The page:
2011 has been declared the Year of the Forest by the United Nations in an effort to increase awareness of sustainable management and conservation of the world’s remaining forests. Unfortunately, deforestation is still a major problem and a huge threat to forest wildlife.
Currently, Indonesia has the fastest rate of deforestation in the world which contributes significantly to greenhouse gases. The reason for deforestation in this part of the world is a result of corrupt political and economic systems that see natural resources as an extremely lucrative business opportunity. And they’re not wrong. The resulting product of deforestation is palm oil and you will find it in almost every product on a supermarket shelf.
The Indonesian forest provides the economy with palm oil but it also provides a luscious and profitable habitat for some of the world’s most unusual wildlife. Deep in these tropical forests live the tiniest of tarsiers, exotic komodo dragons and the ever-flamboyant birds of paradise. Look high up in the trees and the world’s most colourful ape, the orangutan can be found. Unfortunately for orangutans, their forest homes are continually diminishing as a result of deforestation.
The central Kalimantan province of Borneo is home to approximately 45, 000 orangutans who are constantly under pressure from the palm oil industry. The industry has impacted greatly on the number of wild orangutans whose populations have seen decreases of 50% over the last 20 years. Consequently, this has resulted in their inclusion on the IUCN’s red list of endangered species.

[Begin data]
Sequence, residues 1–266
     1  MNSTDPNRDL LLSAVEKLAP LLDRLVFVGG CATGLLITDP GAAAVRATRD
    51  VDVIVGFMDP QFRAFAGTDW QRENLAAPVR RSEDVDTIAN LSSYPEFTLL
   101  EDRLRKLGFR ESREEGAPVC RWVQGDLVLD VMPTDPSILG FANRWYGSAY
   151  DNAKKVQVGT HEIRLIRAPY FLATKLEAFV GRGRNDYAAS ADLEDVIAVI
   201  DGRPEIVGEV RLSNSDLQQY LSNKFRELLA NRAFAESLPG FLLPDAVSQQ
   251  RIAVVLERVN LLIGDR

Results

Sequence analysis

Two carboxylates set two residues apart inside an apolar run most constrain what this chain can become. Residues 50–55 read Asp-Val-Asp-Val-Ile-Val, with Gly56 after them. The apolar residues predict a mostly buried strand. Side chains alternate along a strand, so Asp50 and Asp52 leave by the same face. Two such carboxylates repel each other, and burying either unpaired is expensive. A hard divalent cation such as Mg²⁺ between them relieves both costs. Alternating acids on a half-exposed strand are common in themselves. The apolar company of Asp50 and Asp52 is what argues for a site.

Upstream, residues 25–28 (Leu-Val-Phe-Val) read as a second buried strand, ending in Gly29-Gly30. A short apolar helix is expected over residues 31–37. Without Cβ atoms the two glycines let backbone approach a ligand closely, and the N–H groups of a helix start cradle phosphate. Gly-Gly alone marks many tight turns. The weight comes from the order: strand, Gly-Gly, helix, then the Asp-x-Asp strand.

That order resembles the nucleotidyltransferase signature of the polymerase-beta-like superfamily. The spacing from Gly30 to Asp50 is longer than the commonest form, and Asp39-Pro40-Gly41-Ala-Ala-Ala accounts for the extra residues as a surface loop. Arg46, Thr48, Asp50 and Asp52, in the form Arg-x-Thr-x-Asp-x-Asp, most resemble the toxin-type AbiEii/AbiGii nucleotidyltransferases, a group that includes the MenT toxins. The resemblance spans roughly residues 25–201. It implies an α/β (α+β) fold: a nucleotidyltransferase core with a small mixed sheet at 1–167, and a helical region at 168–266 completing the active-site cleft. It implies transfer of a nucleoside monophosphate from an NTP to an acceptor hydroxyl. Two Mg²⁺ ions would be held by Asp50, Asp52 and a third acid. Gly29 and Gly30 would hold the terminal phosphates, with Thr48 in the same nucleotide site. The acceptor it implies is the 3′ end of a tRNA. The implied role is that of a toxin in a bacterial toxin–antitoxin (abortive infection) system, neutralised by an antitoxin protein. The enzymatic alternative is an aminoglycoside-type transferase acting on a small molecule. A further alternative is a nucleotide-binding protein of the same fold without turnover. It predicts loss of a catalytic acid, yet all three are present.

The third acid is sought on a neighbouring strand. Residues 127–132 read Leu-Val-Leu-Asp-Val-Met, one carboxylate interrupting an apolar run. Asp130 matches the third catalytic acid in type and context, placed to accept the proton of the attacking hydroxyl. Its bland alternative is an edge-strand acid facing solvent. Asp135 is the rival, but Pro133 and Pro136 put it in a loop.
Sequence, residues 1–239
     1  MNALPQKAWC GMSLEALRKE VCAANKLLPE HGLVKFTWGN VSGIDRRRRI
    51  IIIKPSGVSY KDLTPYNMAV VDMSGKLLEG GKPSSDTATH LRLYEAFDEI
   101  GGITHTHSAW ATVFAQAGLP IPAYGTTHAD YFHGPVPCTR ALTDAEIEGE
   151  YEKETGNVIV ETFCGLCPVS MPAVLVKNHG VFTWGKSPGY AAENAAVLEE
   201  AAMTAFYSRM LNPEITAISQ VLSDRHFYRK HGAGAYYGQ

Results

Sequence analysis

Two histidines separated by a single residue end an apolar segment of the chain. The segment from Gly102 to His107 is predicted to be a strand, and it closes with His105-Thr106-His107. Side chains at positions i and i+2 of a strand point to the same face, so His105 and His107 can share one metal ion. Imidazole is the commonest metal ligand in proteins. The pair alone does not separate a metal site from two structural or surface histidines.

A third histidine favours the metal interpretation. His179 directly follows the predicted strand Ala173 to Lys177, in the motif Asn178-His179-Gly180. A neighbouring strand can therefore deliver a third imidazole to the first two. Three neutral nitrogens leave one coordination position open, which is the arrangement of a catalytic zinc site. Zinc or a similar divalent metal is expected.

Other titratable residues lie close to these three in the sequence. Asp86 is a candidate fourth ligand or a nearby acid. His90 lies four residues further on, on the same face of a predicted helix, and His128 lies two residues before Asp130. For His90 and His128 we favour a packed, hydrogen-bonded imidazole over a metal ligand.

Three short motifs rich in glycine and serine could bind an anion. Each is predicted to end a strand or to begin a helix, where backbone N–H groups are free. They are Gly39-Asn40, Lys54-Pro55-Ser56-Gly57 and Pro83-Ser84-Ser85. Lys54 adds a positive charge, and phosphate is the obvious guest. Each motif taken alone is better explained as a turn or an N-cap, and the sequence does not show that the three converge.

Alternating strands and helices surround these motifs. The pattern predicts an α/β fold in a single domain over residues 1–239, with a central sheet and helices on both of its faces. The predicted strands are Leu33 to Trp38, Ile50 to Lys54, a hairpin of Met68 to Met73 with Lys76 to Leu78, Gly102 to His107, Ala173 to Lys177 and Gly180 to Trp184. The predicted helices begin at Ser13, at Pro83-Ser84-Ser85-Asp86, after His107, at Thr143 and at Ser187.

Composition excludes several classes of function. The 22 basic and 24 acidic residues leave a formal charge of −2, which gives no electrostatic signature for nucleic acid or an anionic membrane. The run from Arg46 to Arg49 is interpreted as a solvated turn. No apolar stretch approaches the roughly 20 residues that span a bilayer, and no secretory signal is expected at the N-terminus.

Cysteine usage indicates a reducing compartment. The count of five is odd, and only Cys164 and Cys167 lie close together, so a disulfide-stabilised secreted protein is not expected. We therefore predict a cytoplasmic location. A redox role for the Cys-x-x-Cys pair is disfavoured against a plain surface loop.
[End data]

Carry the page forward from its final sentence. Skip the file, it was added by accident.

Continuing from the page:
In recent reports, Indonesia admitted that 891 out of 967 plantations and mine companies operate illegally in the central Kalimantan province. Deforestation in this region is run by a ‘forest mafia’ made up of forest miners, planters and officials and are all financed by the Indonesian Military.
Often labelled as vegetable oil, palm oil is most commonly found in biscuits, chocolate and packaged food. Head into the bathroom and palm oil will also be found in shampoos, soap and moisturisers. Palm oil however is also labelled as sodium stearate, sodium palmate or sodium lauryl sulphate, which for environmentally conscious consumers may prove misleading. Whilst the need for palm oil is unlikely to decrease, large corporations and conservation groups have recently raised awareness of the industry and its issues. In Australia, two supermarket chains agreed to ensure that products stocked on their shelves would be correctly labelled by 2015 whilst another supermarket signed an agreement stating that palm oil products would be sourced from sustainable plantations in a bid to decrease the mounting pressure on orangutan habitats.
As a result, consumers will have the option to purchase products free from palm oil with hopes that this will decrease its demands. However, awareness is high in Australia with a strong public backing for the need to conserve Indonesia’s wildlife. With enough publicity, global pressure on the Indonesian government could well see tighter restrictions imposed on logging and an increase in sustainable farming practices.
At Frontier, we are heavily involved with capacity building and the development of sustainable farming in many regions worldwide. These projects seek to ensure the protection of the world’s remaining forests and endangered habitats. You can help protect vulnerable forests and wildlife by joining us on one of our forest projects in Madagascar, Costa Rica or Cambodia, or contribute to the development of sustainable farming on our Community Development project in Indonesia.